Perspectives

Who Said Stores are Dead, Long Live the Connected Store…

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As a repeat attendee at NRF’s Big Show in New York, I have seen a notable shift in theme from “omni-channel retailing” to the “Connected Store”.  With retailers putting more and more connected devices and technologies in the store, and industry suppliers embedding AI in evolving solutions, it’s apparent that retailers have a wealth of opportunity to harness these technologies, and the resulting data, to drive a compelling Customer Experience and improve Colleague Productivity in the store environment.  But this is not so easy, right?

Customer Experience depends hugely on inventory visibility and knowing what stock is merchandised where in the store.  RFID or shelf edge cameras can provide the visuals, with the resulting data being surfaced to the consumer via smartphones, assisting things like guided search and “show me where my shopping list is”.  Apps can then provide more detailed product information, like ingredients, product source, nutritional information or production methods.

A start-up called Walk Out were demonstrating their “intelligent shopping trolley” featuring an interactive screen on the handlebar,  with a camera beneath, and two further cameras at the far corners of the trolley.  As the shopper adds items to the trolley, image recognition automatically adds them to the shopping list.  The shopper simply pays using the screen before leaving the store.  Even this innovation, however, still highlights possible challenges, such as “shrinkage”, plus storing and charging the trollies outside in inclement weather.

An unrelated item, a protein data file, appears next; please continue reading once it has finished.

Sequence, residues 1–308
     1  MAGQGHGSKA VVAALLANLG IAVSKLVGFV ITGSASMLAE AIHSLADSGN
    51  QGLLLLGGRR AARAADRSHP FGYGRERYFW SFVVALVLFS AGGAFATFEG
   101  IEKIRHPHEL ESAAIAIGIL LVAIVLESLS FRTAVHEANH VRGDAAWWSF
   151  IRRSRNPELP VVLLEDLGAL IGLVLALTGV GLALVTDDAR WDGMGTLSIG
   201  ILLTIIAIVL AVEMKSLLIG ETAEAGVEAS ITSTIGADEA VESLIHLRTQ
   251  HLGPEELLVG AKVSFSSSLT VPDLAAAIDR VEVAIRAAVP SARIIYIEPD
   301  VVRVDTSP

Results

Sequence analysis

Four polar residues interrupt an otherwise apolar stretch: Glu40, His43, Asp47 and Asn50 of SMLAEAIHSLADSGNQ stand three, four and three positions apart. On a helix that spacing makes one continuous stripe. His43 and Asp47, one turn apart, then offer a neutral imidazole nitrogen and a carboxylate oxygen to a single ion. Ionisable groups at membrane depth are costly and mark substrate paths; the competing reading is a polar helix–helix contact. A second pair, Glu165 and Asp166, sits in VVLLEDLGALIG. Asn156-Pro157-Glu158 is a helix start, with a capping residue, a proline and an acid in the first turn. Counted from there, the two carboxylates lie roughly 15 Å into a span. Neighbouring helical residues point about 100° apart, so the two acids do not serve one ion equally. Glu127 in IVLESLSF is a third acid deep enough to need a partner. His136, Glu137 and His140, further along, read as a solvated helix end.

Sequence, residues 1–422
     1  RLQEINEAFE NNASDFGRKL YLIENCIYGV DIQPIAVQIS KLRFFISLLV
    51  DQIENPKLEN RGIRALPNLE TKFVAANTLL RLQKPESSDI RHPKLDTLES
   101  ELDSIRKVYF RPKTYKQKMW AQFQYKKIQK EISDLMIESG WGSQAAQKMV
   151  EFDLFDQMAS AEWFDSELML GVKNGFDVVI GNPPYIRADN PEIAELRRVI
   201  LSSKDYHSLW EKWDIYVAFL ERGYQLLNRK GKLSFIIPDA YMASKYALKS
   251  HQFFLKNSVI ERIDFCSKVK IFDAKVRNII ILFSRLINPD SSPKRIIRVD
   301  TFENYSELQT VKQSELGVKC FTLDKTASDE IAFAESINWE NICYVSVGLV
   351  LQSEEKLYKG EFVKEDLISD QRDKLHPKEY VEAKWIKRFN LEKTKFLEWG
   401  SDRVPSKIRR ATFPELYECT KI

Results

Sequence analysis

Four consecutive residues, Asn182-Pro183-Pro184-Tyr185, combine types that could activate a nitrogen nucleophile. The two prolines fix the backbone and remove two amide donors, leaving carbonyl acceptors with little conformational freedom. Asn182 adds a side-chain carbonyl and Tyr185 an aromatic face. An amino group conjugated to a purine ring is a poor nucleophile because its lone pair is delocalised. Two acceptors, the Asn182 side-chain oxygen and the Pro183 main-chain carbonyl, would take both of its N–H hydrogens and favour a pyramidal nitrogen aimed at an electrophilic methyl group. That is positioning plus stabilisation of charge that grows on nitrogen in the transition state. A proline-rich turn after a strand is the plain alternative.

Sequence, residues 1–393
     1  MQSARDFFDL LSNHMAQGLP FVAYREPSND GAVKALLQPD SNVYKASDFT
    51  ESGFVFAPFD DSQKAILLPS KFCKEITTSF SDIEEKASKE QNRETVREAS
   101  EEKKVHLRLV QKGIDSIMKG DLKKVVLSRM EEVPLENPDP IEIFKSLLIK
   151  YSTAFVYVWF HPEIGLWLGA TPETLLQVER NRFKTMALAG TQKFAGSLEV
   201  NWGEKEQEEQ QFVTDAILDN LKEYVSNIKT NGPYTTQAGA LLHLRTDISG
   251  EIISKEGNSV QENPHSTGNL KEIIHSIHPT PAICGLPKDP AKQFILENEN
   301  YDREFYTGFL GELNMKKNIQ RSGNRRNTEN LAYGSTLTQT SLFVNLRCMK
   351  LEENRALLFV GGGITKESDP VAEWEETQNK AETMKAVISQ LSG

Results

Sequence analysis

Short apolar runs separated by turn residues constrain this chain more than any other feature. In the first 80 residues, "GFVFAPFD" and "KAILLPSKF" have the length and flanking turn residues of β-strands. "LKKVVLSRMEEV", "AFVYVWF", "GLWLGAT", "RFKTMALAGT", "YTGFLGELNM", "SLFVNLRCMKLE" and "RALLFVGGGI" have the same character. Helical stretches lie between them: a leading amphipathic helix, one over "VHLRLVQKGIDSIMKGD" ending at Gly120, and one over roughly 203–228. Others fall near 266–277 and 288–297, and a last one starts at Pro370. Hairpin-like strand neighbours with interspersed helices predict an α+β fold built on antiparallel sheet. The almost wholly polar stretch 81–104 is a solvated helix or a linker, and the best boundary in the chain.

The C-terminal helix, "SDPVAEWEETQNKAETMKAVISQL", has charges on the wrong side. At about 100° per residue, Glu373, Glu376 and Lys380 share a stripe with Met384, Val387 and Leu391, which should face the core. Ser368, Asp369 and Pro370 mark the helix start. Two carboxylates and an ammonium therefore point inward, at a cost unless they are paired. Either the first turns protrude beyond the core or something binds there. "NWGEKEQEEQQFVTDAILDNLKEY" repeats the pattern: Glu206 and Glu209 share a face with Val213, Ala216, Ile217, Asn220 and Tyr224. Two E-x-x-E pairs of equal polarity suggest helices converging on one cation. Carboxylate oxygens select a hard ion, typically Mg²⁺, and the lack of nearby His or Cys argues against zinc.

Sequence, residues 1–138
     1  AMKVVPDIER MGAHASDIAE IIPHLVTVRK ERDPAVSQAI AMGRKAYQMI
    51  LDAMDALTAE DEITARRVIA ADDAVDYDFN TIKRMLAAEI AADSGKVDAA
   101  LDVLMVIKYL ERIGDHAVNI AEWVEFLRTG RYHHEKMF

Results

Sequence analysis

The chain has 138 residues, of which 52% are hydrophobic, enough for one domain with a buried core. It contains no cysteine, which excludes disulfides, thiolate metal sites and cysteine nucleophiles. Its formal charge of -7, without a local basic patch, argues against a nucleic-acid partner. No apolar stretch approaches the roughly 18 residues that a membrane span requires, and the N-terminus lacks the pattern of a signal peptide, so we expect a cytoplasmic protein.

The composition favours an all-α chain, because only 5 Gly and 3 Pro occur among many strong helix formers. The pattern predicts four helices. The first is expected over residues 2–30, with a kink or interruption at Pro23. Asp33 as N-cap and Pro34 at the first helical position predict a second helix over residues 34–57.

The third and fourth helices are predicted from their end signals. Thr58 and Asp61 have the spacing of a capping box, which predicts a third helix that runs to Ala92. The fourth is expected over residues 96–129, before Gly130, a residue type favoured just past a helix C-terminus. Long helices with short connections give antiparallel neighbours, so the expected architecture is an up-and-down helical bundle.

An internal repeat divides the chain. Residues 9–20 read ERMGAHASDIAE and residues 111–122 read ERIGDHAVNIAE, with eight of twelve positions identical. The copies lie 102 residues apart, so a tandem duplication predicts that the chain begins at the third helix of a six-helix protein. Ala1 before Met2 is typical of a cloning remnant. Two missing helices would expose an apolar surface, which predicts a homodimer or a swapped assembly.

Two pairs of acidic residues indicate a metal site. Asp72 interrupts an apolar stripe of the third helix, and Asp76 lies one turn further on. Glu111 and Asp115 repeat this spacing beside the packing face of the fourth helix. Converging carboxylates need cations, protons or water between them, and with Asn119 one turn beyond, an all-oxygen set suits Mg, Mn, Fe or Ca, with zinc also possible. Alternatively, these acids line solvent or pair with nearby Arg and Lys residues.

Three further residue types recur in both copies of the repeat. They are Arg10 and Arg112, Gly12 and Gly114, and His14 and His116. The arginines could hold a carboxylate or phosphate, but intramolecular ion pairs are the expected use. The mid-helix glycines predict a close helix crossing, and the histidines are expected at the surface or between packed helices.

Trax (who have a collaboration with IBM) showed how using computer vision to ensure retailers have ‘eyes on the shelves’, provides near real-time insights about on-shelf stock availability.  Whilst this technology offers benefits in many areas, it’s the Colleague Productivity angle which interests me.  Many retailers in the UK have publicly stated the desire to rationalise their store operations over recent years to reduce cost and improve employee efficiency through the use of technology.  Take grocery for example, where the ability for staff to replenish shelf stock levels based on real-time data could be a game-changer.  Retailers have grappled with this for some time, helping colleagues multi-task as the retail store offering adapts.

But how to harness these immense data sets being collected and then do something meaningful with it?  IBM is a leader in Data, Analytics and AI.  IBM’s recent launch of “Store in the Cloud” during NRF provides the answer.  Only with this robust, scalable cloud technology can great innovations like those seen at NRF be brought to life, allowing Retailers to delight customers, and thus retain and win them!

Retail Client Executive, IBM Global Markets

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